I vividly remember the days, way back in the 70s, when the government introduced new Neoplan and Willowbrook buses to revamp our virtually collapsed public transport system – the intra-city in particular. Like many similar interventions before and after, it was really a big deal in many respects because that very important social service had been left to die and rot completely. Not only was it going to bring a massive improvement in the time it took workers and traders living in the then distant suburbs to commute to and from their work places with much less stress, it was also going to offer some comfort and ‘dignity’ in doing so. I know the younger ones will be wondering why I chose to use the word ‘dignity’ in this context. That’s understandably so because they are certainly not aware that the struggle ladies in particular had to go through to get on the female-unfriendly wooden ‘Tro-tro’ of those days was by no means a dignified matter.
But on the other side of the warm reception commuters gave the new buses were Tro-tro and Taxi drivers whose beef was that the new buses had come to deprive them of their livelihood. And they didn’t express their displeasure by sitting quietly and murmuring. They did all they could to make the job of the bus drivers as uncomfortable as possible. They hurled insults at them and nick-named them ‘kpee tse’ which I found out was Ga for ‘akpeteshie wura’. Looking at it you may be wondering if the buses had been imported into the country complete with drivers and conductors. To these Tro-tro drivers it didn’t matter how many Ghanaians had been employed as drivers, conductors, mechanics and management staff for the operation of the service. All that mattered to them was that the more efficient and comfortable transport service to cater for the general public was bad because it had come to compete against their own interests.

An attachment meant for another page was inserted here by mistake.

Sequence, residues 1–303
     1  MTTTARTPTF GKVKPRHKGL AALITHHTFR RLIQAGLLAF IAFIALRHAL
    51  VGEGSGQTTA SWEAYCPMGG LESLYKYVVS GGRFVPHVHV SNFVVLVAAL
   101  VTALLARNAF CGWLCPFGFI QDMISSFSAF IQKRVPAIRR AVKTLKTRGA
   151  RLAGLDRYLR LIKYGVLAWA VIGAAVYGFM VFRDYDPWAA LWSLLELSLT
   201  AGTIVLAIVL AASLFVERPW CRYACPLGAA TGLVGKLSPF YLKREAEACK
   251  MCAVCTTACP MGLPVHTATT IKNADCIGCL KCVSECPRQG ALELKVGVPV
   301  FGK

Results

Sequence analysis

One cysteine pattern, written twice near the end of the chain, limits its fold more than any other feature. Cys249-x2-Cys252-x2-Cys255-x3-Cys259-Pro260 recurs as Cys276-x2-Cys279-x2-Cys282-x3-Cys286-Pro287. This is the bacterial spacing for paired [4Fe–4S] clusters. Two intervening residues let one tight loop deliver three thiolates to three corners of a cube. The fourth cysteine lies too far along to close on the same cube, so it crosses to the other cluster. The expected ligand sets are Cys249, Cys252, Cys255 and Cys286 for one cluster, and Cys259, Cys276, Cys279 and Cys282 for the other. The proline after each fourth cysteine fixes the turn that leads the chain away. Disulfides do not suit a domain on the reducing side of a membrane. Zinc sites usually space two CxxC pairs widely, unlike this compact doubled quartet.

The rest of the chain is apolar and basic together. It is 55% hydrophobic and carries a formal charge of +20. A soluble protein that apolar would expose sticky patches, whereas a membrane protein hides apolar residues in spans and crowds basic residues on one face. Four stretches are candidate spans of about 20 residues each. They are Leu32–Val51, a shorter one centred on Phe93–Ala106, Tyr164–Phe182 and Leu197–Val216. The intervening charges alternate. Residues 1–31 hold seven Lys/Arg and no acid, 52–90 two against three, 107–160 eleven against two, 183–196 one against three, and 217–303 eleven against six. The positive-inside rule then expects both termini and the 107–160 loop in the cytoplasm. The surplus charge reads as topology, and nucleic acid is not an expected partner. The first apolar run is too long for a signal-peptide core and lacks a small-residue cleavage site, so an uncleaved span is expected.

Meanwhile, some years before then there had been a rumour that a government attempt to improve and expand the railway network had been shelved at the instance of owners of heavy-duty articulated trucks.
Emptying River Beds to Catch Fish
As a young boy growing up in rural Brong-Ahafo I recall that especially during the dry season there was a particular fishing activity which was predominantly dominated by women. The practice (known in Twi as ‘ahwee’) involved the creation of small dams on shallower, less rapidly flowing sections of a stream or small river and then emptying the water in the dammed section to clear the riverbed of every fish. I was too young then to appreciate the harm the activities of these people were doing to our water bodies. I don’t know whether the practice still continues now but at least I do know that many of the rivers in which we used to swim have turned into ponds even during the rainy season.
Then also were the more sophisticated ‘fishermen’ whose only fishing tool was a poisonous insecticide known as DDT. Their own strategy was even simpler. They pour poison into the water and then catch the fish which would be found jumping or dead on the water surface. It neither mattered to them that any fish caught by this means is not fit for human consumption nor that by polluting the water by that means they are causing great harm to one of humanity’s most valuable natural resources –WATER.
The Menace of The Galamsey